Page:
Frank Robbins remains one of the most controversial comic book artists among aficionados. Although his true claim to fame is the Johnny Hazard newspaper strip, which ran from 1944 to 1977, Robbins is best known to most comic book fans for his 1970s work on superhero titles like Batman, Captain America, and The Invaders. His distinctive artwork was a far cry from the preferred “house style” at either Marvel or DC, and was so different, even strange, that many young fans absolutely hated it. But, a familiar refrain in discussions of Robbins and his art is that these fans who reviled it in their youth eventually developed an appreciation for it as they grew up and matured. I certainly count myself among their number.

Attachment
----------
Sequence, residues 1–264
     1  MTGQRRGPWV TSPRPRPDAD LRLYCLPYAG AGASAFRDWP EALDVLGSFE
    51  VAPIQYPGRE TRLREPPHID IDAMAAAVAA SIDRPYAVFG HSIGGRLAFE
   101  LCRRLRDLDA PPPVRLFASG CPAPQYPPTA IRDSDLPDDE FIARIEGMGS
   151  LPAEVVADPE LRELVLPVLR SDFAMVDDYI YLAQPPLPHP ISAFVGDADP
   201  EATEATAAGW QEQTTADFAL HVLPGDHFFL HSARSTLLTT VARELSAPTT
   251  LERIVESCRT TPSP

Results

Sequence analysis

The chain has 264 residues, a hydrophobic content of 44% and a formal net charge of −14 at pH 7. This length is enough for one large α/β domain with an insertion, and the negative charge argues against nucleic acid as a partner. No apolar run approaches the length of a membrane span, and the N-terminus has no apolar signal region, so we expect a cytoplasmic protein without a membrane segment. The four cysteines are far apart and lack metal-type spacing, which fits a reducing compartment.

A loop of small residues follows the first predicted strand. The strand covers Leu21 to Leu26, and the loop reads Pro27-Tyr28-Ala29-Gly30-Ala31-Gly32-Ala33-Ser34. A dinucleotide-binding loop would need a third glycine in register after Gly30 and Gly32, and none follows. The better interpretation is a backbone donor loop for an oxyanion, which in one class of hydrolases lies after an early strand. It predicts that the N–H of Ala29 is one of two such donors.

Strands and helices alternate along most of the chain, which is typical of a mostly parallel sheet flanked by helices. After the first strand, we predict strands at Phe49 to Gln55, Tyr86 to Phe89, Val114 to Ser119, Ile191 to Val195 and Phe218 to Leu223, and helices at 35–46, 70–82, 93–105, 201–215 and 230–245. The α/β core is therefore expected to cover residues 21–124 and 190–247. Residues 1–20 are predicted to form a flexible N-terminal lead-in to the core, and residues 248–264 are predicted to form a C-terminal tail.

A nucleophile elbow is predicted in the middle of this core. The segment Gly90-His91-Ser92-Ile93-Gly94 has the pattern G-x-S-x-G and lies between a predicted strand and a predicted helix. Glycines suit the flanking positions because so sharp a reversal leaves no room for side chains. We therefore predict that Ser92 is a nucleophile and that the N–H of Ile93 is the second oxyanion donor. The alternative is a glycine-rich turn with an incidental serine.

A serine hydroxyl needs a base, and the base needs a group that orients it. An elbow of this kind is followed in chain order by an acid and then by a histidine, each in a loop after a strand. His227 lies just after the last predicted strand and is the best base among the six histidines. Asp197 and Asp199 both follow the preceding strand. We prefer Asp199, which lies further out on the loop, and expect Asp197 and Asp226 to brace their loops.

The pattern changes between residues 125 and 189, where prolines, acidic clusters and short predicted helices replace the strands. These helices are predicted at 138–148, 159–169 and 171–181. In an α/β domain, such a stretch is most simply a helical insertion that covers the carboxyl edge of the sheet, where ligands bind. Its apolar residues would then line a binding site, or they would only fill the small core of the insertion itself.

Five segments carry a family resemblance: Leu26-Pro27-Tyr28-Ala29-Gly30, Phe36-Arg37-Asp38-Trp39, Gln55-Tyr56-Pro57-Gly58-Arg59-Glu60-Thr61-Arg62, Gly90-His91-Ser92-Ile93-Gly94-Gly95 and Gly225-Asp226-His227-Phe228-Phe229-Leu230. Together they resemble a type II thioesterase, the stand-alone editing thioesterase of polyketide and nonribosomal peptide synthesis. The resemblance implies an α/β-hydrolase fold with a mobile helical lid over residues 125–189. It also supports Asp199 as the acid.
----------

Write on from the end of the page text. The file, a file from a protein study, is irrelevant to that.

As a child, I found Robbins’ awkward contorted figures laughable, his faces cartoony and exaggerated to the point of silliness, and his scenes cluttered and overwrought. About the only good thing I could say about Frank Robbins was that his work wasn’t bland. But I was at a loss to understand what people like Stan Lee and Roy Thomas saw in his art that made them so enthusiastic about it. They touted getting Frank Robbins to work for Marvel like a major coup. But as Robbins’ tenure at Marvel was relatively brief and his work was generally easy to avoid, I didn’t think much about him for many years. But as I started encountering the work of Frank Robbins again in Marvel’s line of “Essential” reprints, I found my attitude toward him had softened, and his oddball approach didn’t turn me off as much as it once had. But it wasn’t until I attended the 2006 Masters of American Comics exhibition at the Hammer Museum in Los Angeles and saw original art by Milton Caniff that I finally “got” what Frank Robbins had been trying to do.